Viktoria Zilberstein's heroics allowed 10 people to escape jet; 124 perished on S7 Flight 778.
By MARIA LEVITOV / JTAPublished: DECEMBER 25, 2006 09:33Advertisement
On a doomed flight that would kill dozens, Viktoria Zilberstein risked her life to rescue others.
A flight attendant aboard a Russian airliner that crashed July 9 on landing at an airport in the Siberian city of Irkutsk, Zilberstein managed to open the emergency hatch in the back of the plane. Her heroics allowed 10 people to escape; 124 perished on S7 Flight 778.
Zilberstein was honored Sunday as a Person of the Year 5766 by Russia's largest Jewish group, the Chabad-led Federation of Jewish Communities of Russia.
The 15th annual awards ceremony, held at Moscow's Red Army Theater, also recognized the contributions of Russian Jews in politics, culture, community work and philanthropy. Honorees received a "Fiddler on the Roof" statue created by Israeli sculptor Frank Meisler.
To honor Zilberstein, Jewish Russian pop singer Leonid Agutin and Russian heartthrob Vladimir Presnyakov performed a song called "Airports."
"We are all alive today because of people like you," Agutin told the flight attendant. Agutin was not on the stricken airliner.
Lev Leviev, president of the Federation of Jewish Communities of the CIS, honored Soviet-born businessman Arkady Gaidamak in what appeared to be a public rapprochement between the two. Since 2005, Gaidamak, once a major donor to the federation and a business partner of Leviev's, split from the federation to head up a rival Jewish religious umbrella organization, the Congress of Jewish Religious Organizations and Communities of Russia.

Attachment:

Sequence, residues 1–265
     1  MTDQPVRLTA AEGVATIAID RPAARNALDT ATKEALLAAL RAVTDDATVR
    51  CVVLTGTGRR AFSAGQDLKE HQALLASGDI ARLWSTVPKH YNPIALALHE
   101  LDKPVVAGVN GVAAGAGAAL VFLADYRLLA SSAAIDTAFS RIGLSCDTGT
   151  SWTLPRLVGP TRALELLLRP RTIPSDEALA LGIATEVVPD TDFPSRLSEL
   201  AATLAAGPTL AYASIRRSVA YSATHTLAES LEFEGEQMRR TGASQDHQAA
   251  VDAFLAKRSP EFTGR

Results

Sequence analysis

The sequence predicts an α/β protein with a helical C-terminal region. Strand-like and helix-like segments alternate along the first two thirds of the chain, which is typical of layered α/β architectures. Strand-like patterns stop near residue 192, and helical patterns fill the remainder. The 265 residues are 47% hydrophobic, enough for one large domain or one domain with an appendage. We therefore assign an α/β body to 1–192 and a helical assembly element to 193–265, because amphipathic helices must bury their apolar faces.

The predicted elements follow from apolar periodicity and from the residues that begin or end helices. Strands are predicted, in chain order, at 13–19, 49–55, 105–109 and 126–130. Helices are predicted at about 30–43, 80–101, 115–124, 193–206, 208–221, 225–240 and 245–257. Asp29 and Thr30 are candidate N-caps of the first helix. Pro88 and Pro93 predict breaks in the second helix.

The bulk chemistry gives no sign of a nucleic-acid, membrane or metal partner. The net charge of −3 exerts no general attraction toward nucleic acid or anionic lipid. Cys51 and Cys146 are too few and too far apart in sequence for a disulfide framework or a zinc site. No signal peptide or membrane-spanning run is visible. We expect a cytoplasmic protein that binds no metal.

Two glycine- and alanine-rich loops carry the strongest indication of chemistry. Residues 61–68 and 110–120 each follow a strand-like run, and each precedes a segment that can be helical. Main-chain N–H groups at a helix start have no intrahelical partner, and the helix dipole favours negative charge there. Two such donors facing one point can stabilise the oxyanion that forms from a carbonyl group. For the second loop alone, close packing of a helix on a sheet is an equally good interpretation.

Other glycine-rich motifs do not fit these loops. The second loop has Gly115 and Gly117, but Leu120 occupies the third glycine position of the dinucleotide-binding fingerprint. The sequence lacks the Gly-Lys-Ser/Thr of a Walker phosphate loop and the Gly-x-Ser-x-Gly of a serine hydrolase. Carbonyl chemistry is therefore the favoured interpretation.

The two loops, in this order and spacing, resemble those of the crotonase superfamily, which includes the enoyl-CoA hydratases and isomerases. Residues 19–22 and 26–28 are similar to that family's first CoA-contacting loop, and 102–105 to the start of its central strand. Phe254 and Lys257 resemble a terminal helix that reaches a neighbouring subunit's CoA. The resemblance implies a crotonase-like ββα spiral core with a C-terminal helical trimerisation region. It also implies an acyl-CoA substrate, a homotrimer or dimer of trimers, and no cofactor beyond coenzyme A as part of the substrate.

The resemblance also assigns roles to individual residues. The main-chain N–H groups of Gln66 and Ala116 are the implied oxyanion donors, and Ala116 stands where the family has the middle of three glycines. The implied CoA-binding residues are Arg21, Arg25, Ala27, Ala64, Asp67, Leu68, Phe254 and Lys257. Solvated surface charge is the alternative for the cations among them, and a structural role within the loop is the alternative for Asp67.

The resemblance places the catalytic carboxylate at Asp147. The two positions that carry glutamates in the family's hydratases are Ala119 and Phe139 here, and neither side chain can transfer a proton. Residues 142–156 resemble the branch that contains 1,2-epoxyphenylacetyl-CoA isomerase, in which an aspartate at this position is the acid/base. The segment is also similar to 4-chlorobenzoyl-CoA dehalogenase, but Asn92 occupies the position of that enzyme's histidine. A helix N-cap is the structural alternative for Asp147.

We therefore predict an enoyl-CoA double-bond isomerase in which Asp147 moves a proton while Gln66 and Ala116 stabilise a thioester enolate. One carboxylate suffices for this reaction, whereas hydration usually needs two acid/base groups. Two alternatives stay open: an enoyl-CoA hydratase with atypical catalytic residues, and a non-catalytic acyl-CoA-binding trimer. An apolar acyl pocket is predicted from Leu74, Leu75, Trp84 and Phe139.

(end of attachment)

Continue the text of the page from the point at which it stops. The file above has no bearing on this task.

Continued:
On Sunday, Leviev presented Gaidamak with an award for establishing an emergency oceanfront camp for displaced residents of northern Israel during the war against Hezbollah.
Brothers Vadim and Vyacheslav Aminov became first-time recipients of a Person of the Year award in philanthropy. The Aminovs have donated to several educational projects, including a school for girls and courses on Jewish culture and traditions for low-income students from the Russian provinces who come to Moscow for higher education.
Political analyst Alexander Ignatenko, president of Moscow's Institute of Religion and Politics, was cited for his coverage of this summer's Hezbollah-Israel conflict.
Other award winners were choreographer Boris Eifman, for his lifelong contribution in arts and culture; journalist Boris Klin, for his articles about Jewish traditions in Izvestia, a prominent Russian daily newspaper; television personality Vladimir Molchanov, for producing the TV documentary "The Melodies of Riga's Ghetto;" and writer and translator Asar Eppel, for publishing "The Prose of Jewish Life" book series.
Awards also went to theater director Mark Rozovsky for producing "The Singing Mikhoels," a play about Solomon Mikhoels, a Soviet Jewish actor and theater director killed by Stalin; and Rabbi Zalman Ioffe, for promoting Jewish values and traditions in Volgograd, a southern Russian city that supposedly has one of Russia's highest rates of intermarried and assimilated Jews.
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